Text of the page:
Some of you may have been wondering whether I'd fallen off the map. And I did - the North American map, that is. I've spent the last two weeks in Europe - one in Rome with Jeff, a few more days with him in London, and a few more days on my own in Kew. Today I moved on to Oxford. I'll be in the UK a few more weeks doing dissertation research, so there won't be any new recipe posts for a bit (except possibly a draft or two I wrote up ages ago). I will, however, have something to say about what I've been eating over here. I have photographic evidence of a number of our meals and will be posting about them when I get the chance. For now, here's an overview of our Italian experience.
I know what you're all thinking: Rome! Italy! Oh, the culinary delights! I certainly thought so too. So much so that I proclaimed an official hiatus of my diet while over there (what cholesterol problem?). I didn't want to spoil our big trip by not being able to eat anything (which is pretty much what it would have come to). In retrospect, I wish I'd declared my hiatus in London rather than Rome (well, it did sort of extend to London . . and to Kew . . . and to Oxford this morning - I swear the healthy diet starts again tomorrow). Overall, I was not impressed with Roman cooking.
Rome has two food groups, one of which you see above. There is the bread/pasta/pastry group and the gelato group (more on that later). Upon being seated at a restaurant, bread is brought to the table - plain rustic bread, no butter or oil - which you are charged for. Naturally, we began to eat our bread as soon as it appeared. At one restaurant, however, Jeff was chided by a waiter for doing so - the waiter said he would spoil his two courses. My conclusion is that the bread is meant to be used to sop up the sauce from your plate (although that still doesn't explain why it is brought out so early).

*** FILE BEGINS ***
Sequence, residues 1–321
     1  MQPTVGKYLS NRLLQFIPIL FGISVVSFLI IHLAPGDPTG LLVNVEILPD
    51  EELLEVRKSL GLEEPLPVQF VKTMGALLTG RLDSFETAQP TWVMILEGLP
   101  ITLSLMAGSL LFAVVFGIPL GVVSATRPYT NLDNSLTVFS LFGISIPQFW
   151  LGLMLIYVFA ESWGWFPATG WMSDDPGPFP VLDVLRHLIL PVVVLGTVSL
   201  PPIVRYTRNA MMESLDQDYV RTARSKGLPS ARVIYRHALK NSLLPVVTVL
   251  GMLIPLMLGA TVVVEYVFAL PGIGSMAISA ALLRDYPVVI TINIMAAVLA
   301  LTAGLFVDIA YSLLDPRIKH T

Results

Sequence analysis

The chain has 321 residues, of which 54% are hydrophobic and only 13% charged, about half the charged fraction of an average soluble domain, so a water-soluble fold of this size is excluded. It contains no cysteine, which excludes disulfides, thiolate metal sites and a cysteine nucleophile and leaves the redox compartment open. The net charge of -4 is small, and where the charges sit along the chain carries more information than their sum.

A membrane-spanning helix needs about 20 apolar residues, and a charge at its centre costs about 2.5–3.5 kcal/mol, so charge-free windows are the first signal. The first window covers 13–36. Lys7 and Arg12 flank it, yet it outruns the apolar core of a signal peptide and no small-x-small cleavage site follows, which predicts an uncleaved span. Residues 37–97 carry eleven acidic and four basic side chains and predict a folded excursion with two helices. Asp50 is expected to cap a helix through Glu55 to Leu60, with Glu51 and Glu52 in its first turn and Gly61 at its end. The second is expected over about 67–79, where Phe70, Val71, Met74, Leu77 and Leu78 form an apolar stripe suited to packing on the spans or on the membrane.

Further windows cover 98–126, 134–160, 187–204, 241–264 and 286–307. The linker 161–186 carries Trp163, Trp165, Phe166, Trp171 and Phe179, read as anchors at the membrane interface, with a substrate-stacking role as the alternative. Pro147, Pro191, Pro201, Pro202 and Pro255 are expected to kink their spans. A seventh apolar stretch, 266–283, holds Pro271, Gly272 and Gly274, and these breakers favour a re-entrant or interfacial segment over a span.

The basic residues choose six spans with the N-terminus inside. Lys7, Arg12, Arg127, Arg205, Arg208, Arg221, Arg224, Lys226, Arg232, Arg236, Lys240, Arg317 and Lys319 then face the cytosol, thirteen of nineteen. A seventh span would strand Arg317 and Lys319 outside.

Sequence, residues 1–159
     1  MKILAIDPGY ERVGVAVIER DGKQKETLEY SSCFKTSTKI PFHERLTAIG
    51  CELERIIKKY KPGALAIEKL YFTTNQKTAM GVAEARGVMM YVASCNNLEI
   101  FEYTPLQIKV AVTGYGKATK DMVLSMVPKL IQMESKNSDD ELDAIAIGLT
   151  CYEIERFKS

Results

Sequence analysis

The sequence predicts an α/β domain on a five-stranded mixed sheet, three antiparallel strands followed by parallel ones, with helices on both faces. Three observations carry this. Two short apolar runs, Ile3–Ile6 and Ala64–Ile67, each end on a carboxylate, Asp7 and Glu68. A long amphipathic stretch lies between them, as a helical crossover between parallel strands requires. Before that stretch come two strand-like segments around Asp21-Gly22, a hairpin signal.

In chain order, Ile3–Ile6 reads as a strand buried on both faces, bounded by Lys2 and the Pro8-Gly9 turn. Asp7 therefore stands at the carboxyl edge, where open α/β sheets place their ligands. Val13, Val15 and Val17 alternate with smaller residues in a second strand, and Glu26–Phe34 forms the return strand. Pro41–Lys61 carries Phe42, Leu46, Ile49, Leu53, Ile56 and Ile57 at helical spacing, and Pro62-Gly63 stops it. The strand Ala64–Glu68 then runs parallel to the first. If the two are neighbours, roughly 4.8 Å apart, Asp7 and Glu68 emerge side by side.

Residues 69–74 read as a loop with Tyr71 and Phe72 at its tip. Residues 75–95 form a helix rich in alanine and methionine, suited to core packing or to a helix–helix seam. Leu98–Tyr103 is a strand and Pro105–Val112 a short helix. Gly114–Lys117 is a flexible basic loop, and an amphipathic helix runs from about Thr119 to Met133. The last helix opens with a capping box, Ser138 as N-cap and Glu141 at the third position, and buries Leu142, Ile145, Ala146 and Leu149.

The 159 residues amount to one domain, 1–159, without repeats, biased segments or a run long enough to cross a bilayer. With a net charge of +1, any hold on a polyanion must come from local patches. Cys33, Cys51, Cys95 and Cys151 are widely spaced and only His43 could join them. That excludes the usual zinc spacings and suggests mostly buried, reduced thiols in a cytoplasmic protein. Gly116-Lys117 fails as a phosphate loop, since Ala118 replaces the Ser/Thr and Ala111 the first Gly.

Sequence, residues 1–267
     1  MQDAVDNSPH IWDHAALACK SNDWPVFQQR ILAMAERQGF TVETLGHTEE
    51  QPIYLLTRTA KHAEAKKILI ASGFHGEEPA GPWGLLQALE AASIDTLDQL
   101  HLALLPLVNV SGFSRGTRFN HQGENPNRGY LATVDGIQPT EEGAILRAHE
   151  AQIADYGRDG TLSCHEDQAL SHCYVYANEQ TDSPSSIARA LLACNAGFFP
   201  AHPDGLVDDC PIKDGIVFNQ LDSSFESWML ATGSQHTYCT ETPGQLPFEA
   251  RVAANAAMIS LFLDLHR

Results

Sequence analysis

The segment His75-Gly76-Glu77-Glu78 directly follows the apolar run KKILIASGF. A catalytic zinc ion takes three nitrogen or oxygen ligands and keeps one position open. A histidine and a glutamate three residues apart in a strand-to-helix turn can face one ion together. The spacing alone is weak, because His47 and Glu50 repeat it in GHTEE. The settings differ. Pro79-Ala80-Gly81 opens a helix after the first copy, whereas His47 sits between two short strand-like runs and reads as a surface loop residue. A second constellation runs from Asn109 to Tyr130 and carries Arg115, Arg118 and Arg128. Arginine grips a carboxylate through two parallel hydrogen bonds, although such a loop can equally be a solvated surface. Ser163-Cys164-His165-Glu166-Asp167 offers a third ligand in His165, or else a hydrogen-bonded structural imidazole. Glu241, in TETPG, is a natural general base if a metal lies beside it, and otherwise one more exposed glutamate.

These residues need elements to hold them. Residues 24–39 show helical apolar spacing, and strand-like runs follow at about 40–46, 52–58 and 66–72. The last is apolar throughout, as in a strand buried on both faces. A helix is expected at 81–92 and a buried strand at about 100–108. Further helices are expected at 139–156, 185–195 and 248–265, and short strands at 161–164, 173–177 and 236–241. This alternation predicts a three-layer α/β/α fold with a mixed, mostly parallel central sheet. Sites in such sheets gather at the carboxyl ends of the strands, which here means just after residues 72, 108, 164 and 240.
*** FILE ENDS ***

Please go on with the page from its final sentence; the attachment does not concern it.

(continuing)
Next comes the pasta course. We always ordered pasta, even if we rarely ordered meat. Most of the pasta I had in Rome was good - fresh and handmade. The gnocchi in the above photo were particularly soft and tasty. The sauces left something to be desired, however. We spent three full days in Rome before tasting a dish that was properly seasoned. The sauce for my above gnocchi consisted essentially of crushed tomatoes. Maybe there was some sugar, too, but definitely no salt or pepper. Jeff's lasagna was better, but still needed salt. In this case, the problem was that we were lured into a restaurant with a tourist menu. While I appreciate that this was the only place in Rome that endeavored to serve me any sort of salad, the food was really mediocre. Good ingredients, but careless preparation.